The UD Bubble. I don’t know where the phrase comes from, or when it became common parlance around here. No one used it when I was a student in the early 1980s, and Dr. Moran tells me that no one used it in the early ’90s, either. I don’t even remember hearing it when I first arrived here in 2000, but I could have been clueless back then, as I was busy figuring out how to teach the Core. So it seems a phrase of rather recent vintage.
And I hate it.
I’ve told my students never to use it in my presence (like “lifestyle,” or — shudder — “impact” as a verb) — and that they shouldn’t use it among themselves, either.
Now, I get what the phrase might be trying to convey in a positive sense: that American society does something extravagant and wonderful, giving us four years of college away from the getting and spending, the hurly-burly of the world, to have time to think, to ponder, to explore, to philosophize, to wonder.
“Leisure,” says the title of Josef Pieper’s book, which I read in my first philosophy class, really is “The Basis of Culture.”
But there’s something that irks me about the phrase. It suggests not just that we are here to pull back from the world, briefly, to think and ponder, but that the University of Dallas is a place where one is cut off, insulated, where students are protected from the nasty, brutish, evil world that is out there, menacing us, just waiting to gobble us up the day after graduation.
Or, conversely, it suggests that UD students are too tender, too naive, too idealistically-Catholicky-conservativey-whatever for the big, dynamic, fascinating world that they just can’t handle.
And, in either case, it becomes an excuse and a self-fulfilling prophecy. The more students use the phrase, the more it sticks in the mind and begins to shape how UD students think.
And it’s wrong. The world beyond UD is fallen, but it’s not irredeemably evil. And UD students don’t need to be protected from the world; they already live in it, vote in it, volunteer in it, pay taxes in it. And they get out there and do quite well in it, thank you very much, after graduation.
UD was never meant to be safe; it was designed to be dangerous. Dangerous to tidy, simplistic thought; dangerous to dreary, politically correct biases; dangerous to students who had not encountered such significant, challenging thinking before; dangerous to a world that would soon encounter our graduates, who will challenge, and transform, the world out there. My friends and I used to mock other sweet little Catholic schools, calling them “A Safe Place to Send Your Daughters.” Send your daughter to UD, and she might come back a feisty Flannery O’Connor, who didn’t put up with “cant” for a minute; send your son, and he might return a rollicking Chesterton, his huge bulk on a horse and a sword in his hand.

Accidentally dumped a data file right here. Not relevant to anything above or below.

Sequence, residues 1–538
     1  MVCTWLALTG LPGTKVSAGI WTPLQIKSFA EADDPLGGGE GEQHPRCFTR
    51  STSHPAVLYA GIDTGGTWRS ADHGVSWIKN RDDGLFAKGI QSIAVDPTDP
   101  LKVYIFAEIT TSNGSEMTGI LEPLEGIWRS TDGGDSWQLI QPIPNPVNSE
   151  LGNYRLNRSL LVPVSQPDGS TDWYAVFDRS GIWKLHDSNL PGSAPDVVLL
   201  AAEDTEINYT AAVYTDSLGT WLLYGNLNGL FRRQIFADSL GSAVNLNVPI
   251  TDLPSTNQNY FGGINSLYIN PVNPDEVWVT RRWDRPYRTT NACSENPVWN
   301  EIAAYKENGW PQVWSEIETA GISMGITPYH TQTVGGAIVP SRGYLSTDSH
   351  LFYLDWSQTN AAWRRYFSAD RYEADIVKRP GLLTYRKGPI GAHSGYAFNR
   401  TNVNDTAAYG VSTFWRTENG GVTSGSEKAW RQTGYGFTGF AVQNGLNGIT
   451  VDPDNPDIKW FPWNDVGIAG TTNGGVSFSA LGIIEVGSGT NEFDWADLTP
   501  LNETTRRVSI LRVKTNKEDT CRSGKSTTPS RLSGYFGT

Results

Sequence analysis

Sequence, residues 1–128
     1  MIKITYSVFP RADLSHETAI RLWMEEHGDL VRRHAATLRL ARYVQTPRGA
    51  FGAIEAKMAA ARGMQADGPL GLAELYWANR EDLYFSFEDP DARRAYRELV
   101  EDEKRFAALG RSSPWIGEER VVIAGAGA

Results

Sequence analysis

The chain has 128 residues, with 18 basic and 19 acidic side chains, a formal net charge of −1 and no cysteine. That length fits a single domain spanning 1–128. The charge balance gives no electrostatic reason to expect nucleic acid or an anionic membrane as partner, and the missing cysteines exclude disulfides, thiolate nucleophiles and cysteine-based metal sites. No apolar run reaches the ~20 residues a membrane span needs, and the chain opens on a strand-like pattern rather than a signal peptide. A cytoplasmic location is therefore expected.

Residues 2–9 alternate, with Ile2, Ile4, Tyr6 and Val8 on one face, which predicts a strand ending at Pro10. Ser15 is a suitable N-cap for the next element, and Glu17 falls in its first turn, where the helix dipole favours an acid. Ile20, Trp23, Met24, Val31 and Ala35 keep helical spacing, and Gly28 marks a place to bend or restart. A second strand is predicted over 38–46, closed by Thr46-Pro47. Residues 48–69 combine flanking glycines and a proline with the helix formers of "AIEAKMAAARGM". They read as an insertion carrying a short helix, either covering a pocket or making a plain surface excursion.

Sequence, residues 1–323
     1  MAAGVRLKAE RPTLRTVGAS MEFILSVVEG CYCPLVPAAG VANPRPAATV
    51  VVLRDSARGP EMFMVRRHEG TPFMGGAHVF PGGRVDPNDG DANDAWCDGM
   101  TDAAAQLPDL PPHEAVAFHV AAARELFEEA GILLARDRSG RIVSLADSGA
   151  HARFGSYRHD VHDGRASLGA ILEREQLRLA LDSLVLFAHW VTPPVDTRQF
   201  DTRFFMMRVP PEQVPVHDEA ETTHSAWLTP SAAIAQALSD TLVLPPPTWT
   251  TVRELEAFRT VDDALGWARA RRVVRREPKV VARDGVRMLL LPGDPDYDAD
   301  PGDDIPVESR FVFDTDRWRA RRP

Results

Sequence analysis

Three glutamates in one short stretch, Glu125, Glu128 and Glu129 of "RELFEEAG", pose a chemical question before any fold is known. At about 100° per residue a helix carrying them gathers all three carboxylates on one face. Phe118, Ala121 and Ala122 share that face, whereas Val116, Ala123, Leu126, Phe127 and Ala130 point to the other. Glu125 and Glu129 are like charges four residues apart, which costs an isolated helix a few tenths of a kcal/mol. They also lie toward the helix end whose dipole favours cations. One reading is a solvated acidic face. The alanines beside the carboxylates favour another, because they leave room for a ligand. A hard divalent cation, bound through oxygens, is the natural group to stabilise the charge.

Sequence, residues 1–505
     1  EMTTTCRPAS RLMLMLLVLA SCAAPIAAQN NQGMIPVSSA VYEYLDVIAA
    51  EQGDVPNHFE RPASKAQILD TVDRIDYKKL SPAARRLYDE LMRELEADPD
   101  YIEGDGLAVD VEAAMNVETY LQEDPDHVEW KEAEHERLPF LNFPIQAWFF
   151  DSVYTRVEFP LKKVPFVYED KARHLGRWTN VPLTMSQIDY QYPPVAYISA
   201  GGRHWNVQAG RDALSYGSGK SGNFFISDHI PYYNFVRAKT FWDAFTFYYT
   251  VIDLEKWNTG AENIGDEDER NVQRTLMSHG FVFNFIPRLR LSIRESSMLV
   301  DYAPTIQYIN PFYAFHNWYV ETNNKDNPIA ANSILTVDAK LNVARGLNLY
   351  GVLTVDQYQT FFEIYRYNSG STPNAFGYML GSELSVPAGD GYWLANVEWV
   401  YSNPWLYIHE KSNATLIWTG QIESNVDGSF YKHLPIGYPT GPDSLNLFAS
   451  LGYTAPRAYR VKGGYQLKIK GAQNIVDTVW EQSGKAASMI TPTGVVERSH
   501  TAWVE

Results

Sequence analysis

The curriculum was designed to create a university that would challenge its students to think through the tradition, not so they could hide from life, but so they could engage with the contemporary world — and transform it.
UD students, Monsignor Thomas Fucinaro once said to me, have a vocation to the world. That’s why so many of them, he said, run off to Washington D.C. for internships and jobs: they want to get out there to the heart of influence and make things happen for the better.
With apologies to my beloved Cistercian friends, I must say that UD wasn’t meant to be a monastery or to produce monks — not that a monastery is supposed to be merely a protective bubble, either. The curriculum, the school, was meant to be more like a priory: the students being the friars: living in community, building one another up intellectually, morally, spiritually, but getting out there in the city, staying up all night debating with Albigensians, or preaching like St. Francis more with their actions than their words. The friars were city-dwellers, in the midst of the people. They were the newest, most modern shock troops of reform that the Medieval Church invented, and they did it by getting out there and mixing it up with the world.
You’d never catch Dominic or Francis saying their brothers should, or do, live in a bubble. Neither should UD students.